Paper’s penny-pinchers popular

Posted July 09, 2009, at 8:57 p.m.

LEWISTON, Maine — The Sun Journal’s editor knew he was taking a risk when the newspaper launched a penny-pinching series with a bold promise: Readers who didn’t save money from the tips over a six-month period could demand a $97 newspaper subscription refund.

The Lewiston paper offered penny-pinching pointers on everything from making your own laundry detergent to getting into state parks for free to pooling money with neighbors to buy yard equipment together. The paper ran “fun on the cheap” stories each Thursday, and had daily cost-cutting recipes.

In all, the newspaper’s “Tough People Smart Money” project offered 186 daily tips with potential savings of more than $7,000, said Executive Editor Rex Rhoades.

And Rhoades is breathing a sigh of relief. Only three readers of the newspaper in Maine’s second-largest city, 35 miles north of Portland, have seen fit to demand a refund.

“We had a number of people who sent us letters that thanked us for saving them money,” Rhoades said.

But the savings didn’t add up for Lauris Bailey, a 75-year-old retired teacher from New Sharon. Unimpressed with the thriftiness tips, Bailey asked for his money back.

Give Bailey a minute and he’ll tell you 20 different ways he saves money. He scrapes every last bit of peanut butter from the jar, unplugs his TV when he leaves for the day and takes “military showers” where he turns off the water when he lathers up and turns it back on to rinse off. He even measures out his toothpaste when he brushes his teeth.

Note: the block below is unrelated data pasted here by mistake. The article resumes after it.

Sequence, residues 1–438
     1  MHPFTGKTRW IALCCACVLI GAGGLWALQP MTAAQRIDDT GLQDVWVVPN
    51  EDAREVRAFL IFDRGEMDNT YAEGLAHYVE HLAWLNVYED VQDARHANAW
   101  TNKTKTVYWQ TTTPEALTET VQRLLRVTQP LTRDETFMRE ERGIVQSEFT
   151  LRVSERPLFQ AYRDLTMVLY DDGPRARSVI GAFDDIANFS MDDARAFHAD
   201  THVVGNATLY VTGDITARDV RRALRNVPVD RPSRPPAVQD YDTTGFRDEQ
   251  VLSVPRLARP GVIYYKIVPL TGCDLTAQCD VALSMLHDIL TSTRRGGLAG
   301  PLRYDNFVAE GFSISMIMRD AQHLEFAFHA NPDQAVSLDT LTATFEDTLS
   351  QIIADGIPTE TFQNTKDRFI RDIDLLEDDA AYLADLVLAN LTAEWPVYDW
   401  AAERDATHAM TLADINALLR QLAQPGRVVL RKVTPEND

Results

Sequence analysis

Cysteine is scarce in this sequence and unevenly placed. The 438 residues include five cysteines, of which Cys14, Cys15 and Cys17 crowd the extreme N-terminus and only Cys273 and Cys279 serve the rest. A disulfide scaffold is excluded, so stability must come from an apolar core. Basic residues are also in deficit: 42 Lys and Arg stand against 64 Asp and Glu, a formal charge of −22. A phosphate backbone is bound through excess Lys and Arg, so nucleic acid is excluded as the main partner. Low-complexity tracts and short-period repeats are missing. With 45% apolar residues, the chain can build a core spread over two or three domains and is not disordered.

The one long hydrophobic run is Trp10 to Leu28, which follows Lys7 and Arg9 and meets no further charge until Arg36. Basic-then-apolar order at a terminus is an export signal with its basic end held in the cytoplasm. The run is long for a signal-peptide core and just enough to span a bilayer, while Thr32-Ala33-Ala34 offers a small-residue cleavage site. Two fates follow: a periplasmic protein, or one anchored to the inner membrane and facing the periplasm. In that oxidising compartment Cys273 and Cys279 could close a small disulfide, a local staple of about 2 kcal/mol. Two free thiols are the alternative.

“The things I was doing were saving me more money than the things they were writing about,” Bailey said.

The Sun Journal launched its series in January after the economy tanked and editors sought ways to tap into what was sure to be a big ongoing story.

The newspaper told readers it would refund the cost of a six-month subscription if tips didn’t offer savings of at least twice the cost of a subscription. At the time, a media analyst at the Poynter Institute, a journalism think tank in St. Petersburg, Fla., said he knew of no other news organization offering such a guarantee.

At first, it was projected that the suggestions would lead to savings of up to $1,000. Instead, they totaled seven times that, Rhoades said.

Many readers wrote the paper saying they liked the project. In fact, it was so popular that the paper is continuing with a slimmed-down version of the series.

But it’s hard to say if the series prompted anybody to subscribe to the paper or to hold onto an existing subscription, he said.

“The whole thing is unquantifiable, but our sense is it was a good thing to do,” Rhoades said.

Bailey said he’s already frugal and that some of the newspaper tips were impractical, so he decided to take Rhoades up on his pledge and ask for a refund. Still, he likes the idea of people figuring out ways to conserve, whether it be gasoline, water, electricity — or money.

“There are hundreds of things you can do every day,” he said.

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